We know you've seen them, the shops that sell nothing but pretzels — salty pretzels, sweet pretzels, pretzels wrapped around hot dogs…
Or maybe you've puzzled over all the new day-care services for dogs, with names like Camp Bow Wow and Central Bark, and the other services that do nothing but cleanup duty, from Pet Butler to Wholly Crap.
Or perhaps it was the strong growth figures for those fleets of semitrailers fitted out with honking, blaring video games like so many rollup arcades.
In any case, all of these franchise concepts, crazy as they might seem, are actually growing in the midst of this horrible economy. Sometimes at an impressive clip.
"The latest idea always seems to have lots of sex appeal," says Jeff Elgin, founder of Minnesota franchise consulting company FranChoice. "That draws in otherwise intelligent buyers with the illusion that they are getting a strong business."
As we put together this year's Franchise 500®, we got to thinking about the franchises that hit on such a weird niche, their popularity defies rational explanation. And so we decided to look back at some other wacky ideas that went boom and bust in an instant. Are there lessons to be learned? Certainly. Do they help predict if, in the long run, the new ideas will be brilliant or harebrained? Sorry, only time will tell.
Do I hear $1?
Remember the eBay store? The place where you'd lug your junk and let someone else auction it off for a percentage?
By mid-2005, it was a full-blown craze: There were reportedly 7,000 eBay drop-off stores across the country. The concept even had a starring role in the film "The 40 Year Old Virgin." Of course, we quickly learned how to use eBay all by ourselves, and the concept suddenly seemed ridiculous.
By May 2007, iSold It, one of the leading eBay drop-off stores, stopped selling franchises. CEO Ken Sully issued a statement to franchisees: "We are concerned about financial losses incurred by many early franchisees… We cannot and do not guarantee that your store will be profitable either under the present system or under the system as it evolves."
Well, no. By then, you couldn't sell an iSold It franchise … on eBay.
Too many cooks
Another fad that soon fizzled? Meal prep kitchen franchises. When the economy was fit, busy families indulged in the luxury of assemble-your-own-dinner services at franchises such as Dinner by Design and Super Suppers. The idea — which, truth be told, never quite made sense to us — is that Mom visits one of these commercial prep kitchens, puts together dinner for the week with conveniences such as pre-chopped ingredients, packs it up and takes home. We're exhausted just thinking about it.
But in 2005 and 2006, the concept gained a big following. Super Suppers grew steadily during those years, jumping from 40 locations to 206, according to Investopedia, an online financial reference site. Its competitor, Dinner by Design, had 55 outlets. Needless to say, when the economy started to fail, so did Super Suppers and Dinner by Design. People went back to making homemade meals … at home. Now there's a concept.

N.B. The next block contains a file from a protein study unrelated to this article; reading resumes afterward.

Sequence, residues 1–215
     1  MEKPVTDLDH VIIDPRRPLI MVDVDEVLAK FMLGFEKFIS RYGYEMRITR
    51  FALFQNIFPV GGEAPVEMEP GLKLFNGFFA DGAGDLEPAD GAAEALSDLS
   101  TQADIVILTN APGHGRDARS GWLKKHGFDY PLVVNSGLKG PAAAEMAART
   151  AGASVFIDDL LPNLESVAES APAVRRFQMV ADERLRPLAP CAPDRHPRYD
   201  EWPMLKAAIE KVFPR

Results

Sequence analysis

No new Super Suppers opened in 2008, and existing owners with SBA loans began failing at a quick pace — 42 percent last year alone. Dinner by Design has also stopped selling franchises and has 23 remaining locations.
Way back in the mid-'90s, dating franchises were one of the hottest things going. But like so many bad relationships, they followed the same sad trajectory:
Together Dating grew to 145 franchises in 1996, dropped to 22 in 2004 and threw in the towel on franchising in 2007.
The Right One began franchising in 1999, got up to 28 franchises in 2002, called it quits in 2007.
It's Just Lunch began late in the game, franchising in 2000, hitting 96 locations in 2006, but pulling the plug on the whole affair in 2008.
There were others, of course. Eight at Eight — which arranged group dinner dates for singles with hopes of pairing up — grew to a few units, then gave up on franchising after a few years. And there were all those video dating franchises too, but, you know, we're too young to remember them anyway.
With hot competition from Match.com, eHarmony and craigslist, personal matchmaking franchises didn't stand a chance.
Frozen yogurt — in or out? In the late '80s and '90s, companies such as TCBY led the phenomenon, peaking in 1999 with 3,033 locations. But by 2000, only 2,540 franchises remained. TCBY shops continued to melt away, and the company quit submitting numbers to our Franchise 500® in 2002.
Then, in 2007, a crazy thing happened: Fro-yo became hot again. Led by Pinkberry and Red Mango, the second-generation shops repositioned fro-yo as a "premium" treat sold in stylish shops. So far, Pinkberry has 73 locations and Red Mango has 48; both have more planned.
Is there another meltdown ahead? Hard to say. But in the meantime, we'll have a green tea swirl with mochi sprinkles.